Employers must pay their California employees for time spent on the employer’s premises waiting for and undergoing required exit searches of employee’s bags, packages, and other personal items, even if these items were voluntarily brought by the employees for their convenience.
On February 13, 2020, the California Supreme Court made this clear in Amanda Frlekin v. Apple, Inc., sending a reminder to California employers that they must pay for every minute worked by their employees.
The employer’s policy required employees to undergo exit searches of their bags, purses, backpacks, and personal devices after they clocked out to end their shift. Employees estimated that they waited about five to 20 minutes for these exit searches but sometimes as long as 45 minutes. Plaintiffs filed a class action in alleging that the employer failed to pay its employees minimum and overtime wages for the time spent waiting to undergo these exit searches.
The district court granted summary judgment, holding that time spent by employees waiting for and undergoing these exit searches was not compensable as “hours worked” under California law and Wage Order No. 7. That provision defines “hours worked” as “the time during which an employee is subject to the control of an employer, and includes all the time the employee is suffered or permitted to work, whether or not required to do so[.]”
After Plaintiffs appealed, the U.S. Court of Appeals for the 9th Circuit asked the California Supreme Court to decide whether California state law required the time spent during these exit searches be compensable as “hours worked.”
The California Supreme Court held that time spent by employees waiting for and undergoing these mandatory exit searches was compensable time.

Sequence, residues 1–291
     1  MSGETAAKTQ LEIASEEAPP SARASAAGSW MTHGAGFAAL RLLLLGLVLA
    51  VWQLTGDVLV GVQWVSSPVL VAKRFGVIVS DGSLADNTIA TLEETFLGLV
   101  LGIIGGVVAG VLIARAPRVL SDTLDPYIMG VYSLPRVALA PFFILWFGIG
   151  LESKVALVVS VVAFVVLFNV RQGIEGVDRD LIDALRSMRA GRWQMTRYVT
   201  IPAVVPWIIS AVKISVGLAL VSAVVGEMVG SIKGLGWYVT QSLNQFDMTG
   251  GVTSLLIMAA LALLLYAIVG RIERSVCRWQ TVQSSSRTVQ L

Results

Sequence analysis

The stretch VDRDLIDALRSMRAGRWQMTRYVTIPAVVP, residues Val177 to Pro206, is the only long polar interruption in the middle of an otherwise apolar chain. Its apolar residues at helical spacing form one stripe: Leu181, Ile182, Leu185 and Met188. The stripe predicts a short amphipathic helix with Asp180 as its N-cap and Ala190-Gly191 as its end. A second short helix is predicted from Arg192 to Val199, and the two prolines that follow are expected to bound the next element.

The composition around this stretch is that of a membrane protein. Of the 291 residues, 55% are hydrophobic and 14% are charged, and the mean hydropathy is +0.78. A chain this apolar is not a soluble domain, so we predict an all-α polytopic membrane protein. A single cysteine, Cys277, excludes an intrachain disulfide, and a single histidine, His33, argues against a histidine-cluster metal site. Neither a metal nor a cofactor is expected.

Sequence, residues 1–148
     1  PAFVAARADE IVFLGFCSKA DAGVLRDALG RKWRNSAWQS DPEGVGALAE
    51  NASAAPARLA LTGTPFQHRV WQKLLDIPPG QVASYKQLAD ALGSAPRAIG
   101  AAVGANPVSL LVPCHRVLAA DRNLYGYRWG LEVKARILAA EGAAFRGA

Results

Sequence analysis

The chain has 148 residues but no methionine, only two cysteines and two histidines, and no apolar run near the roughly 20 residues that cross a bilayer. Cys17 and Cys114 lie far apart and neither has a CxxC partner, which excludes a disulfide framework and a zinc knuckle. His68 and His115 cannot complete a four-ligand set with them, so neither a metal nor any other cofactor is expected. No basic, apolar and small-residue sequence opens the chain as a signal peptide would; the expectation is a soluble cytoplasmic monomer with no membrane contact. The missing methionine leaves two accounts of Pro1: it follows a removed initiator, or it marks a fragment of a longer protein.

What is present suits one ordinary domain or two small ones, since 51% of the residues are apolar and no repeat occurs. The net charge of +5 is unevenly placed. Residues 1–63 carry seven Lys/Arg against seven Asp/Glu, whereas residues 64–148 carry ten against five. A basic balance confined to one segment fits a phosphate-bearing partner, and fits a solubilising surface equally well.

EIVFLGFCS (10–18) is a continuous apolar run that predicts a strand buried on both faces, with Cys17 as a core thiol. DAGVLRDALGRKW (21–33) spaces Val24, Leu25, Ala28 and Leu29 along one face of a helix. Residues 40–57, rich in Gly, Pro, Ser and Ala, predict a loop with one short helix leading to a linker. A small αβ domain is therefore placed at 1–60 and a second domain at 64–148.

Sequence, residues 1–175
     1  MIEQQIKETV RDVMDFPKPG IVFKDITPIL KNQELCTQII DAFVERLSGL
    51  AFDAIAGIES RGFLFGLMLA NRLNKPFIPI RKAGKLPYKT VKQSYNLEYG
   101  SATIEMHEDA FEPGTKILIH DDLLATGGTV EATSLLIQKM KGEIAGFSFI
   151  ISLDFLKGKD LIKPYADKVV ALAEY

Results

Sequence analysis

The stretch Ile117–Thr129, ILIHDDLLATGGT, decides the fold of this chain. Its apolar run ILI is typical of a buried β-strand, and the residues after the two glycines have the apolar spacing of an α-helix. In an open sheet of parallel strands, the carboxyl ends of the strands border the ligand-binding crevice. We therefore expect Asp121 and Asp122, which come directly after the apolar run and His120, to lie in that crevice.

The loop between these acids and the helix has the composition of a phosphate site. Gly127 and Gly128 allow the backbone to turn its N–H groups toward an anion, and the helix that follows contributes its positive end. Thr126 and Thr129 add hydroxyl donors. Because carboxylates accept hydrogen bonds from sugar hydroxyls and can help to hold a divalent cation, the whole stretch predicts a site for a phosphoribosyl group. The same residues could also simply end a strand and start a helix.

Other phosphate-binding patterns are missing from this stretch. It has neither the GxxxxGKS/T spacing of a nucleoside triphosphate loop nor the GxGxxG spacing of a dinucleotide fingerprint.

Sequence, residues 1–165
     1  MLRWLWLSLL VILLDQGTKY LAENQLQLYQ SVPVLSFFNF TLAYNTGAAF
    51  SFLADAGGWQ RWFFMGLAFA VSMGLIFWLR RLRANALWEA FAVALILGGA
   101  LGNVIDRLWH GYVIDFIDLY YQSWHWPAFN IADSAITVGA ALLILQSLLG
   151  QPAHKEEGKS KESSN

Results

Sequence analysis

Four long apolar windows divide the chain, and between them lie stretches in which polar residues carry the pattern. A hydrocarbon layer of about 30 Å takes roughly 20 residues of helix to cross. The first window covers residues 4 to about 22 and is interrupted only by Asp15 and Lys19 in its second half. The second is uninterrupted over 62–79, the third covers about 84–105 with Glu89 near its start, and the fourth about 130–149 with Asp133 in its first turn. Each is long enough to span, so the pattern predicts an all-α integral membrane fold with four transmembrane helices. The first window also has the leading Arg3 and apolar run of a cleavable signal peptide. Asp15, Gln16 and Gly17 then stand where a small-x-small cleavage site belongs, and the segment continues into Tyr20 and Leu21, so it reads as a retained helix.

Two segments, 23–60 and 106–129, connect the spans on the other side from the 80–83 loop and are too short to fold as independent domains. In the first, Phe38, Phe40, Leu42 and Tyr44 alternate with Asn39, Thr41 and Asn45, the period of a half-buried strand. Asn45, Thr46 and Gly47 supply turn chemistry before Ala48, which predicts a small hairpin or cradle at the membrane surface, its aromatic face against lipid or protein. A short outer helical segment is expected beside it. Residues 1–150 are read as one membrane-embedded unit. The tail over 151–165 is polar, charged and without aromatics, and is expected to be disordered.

The Court explained that the two phrases of the “hours worked” definition are independent factors, so that “an employee who is subject to the control of an employer does not have to be working during that time to be compensated under the applicable [California] wage order. Likewise, an employee who is suffered or permitted to work does not have to be under the employer’s control to be compensated, provided the employer has or should have knowledge of the employee’s work.”
Focusing on the “control” factor, the Court reasoned that employees are “clearly” subject to the employer’s control during these searches because the employer:
The Court recognized that whether an employee’s activity “primarily benefits the employer” is a “relevant consideration” in the “control” factor analysis. The Court found that the exit searches are mainly for the employer’s benefit by helping to reduce theft.
The Court rejected the argument that the searches are voluntary because employees can avoid the exit searches by choosing to not bring these items (though the Court noted this is not practical or feasible in today’s world). The Court held that the fact there is a “choice” does not invalidate the claims of those employees who do bring bags and are, nonetheless, required to remain on the employer’s premises while waiting for and undergoing the searches.
Because the Court held that the exit searches are compensable under the “control” clause, the Court did not address whether the searches are compensable under the “suffered or permitted to work” clause in Wage Order No. 7.
The Court held that the Frlekin decision applies retroactively.